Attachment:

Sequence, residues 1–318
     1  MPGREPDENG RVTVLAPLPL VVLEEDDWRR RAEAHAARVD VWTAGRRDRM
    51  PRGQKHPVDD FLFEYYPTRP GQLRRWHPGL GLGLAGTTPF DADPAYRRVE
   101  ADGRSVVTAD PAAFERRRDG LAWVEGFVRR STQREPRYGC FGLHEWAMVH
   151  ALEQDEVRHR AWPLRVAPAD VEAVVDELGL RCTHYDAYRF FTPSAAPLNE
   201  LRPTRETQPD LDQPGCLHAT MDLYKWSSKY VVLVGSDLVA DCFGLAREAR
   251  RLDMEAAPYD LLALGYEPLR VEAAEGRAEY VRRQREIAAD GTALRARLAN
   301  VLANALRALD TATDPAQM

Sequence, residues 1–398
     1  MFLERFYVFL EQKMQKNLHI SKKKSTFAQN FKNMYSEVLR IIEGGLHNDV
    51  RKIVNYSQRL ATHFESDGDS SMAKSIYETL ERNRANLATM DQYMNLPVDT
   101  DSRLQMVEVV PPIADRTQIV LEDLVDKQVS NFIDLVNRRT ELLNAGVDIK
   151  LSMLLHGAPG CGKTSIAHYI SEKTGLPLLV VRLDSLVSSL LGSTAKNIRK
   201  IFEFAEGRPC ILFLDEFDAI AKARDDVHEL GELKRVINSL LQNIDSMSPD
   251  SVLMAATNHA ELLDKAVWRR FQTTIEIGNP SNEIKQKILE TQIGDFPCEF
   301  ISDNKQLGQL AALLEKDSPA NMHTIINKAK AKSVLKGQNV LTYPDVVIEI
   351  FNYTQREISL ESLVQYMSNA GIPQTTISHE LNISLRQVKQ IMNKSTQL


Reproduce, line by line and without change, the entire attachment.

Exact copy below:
Sequence, residues 1–318
     1  MPGREPDENG RVTVLAPLPL VVLEEDDWRR RAEAHAARVD VWTAGRRDRM
    51  PRGQKHPVDD FLFEYYPTRP GQLRRWHPGL GLGLAGTTPF DADPAYRRVE
   101  ADGRSVVTAD PAAFERRRDG LAWVEGFVRR STQREPRYGC FGLHEWAMVH
   151  ALEQDEVRHR AWPLRVAPAD VEAVVDELGL RCTHYDAYRF FTPSAAPLNE
   201  LRPTRETQPD LDQPGCLHAT MDLYKWSSKY VVLVGSDLVA DCFGLAREAR
   251  RLDMEAAPYD LLALGYEPLR VEAAEGRAEY VRRQREIAAD GTALRARLAN
   301  VLANALRALD TATDPAQM

Sequence, residues 1–398
     1  MFLERFYVFL EQKMQKNLHI SKKKSTFAQN FKNMYSEVLR IIEGGLHNDV
    51  RKIVNYSQRL ATHFESDGDS SMAKSIYETL ERNRANLATM DQYMNLPVDT
   101  DSRLQMVEVV PPIADRTQIV LEDLVDKQVS NFIDLVNRRT ELLNAGVDIK
   151  LSMLLHGAPG CGKTSIAHYI SEKTGLPLLV VRLDSLVSSL LGSTAKNIRK
   201  IFEFAEGRPC ILFLDEFDAI AKARDDVHEL GELKRVINSL LQNIDSMSPD
   251  SVLMAATNHA ELLDKAVWRR FQTTIEIGNP SNEIKQKILE TQIGDFPCEF
   301  ISDNKQLGQL AALLEKDSPA NMHTIINKAK AKSVLKGQNV LTYPDVVIEI
   351  FNYTQREISL ESLVQYMSNA GIPQTTISHE LNISLRQVKQ IMNKSTQL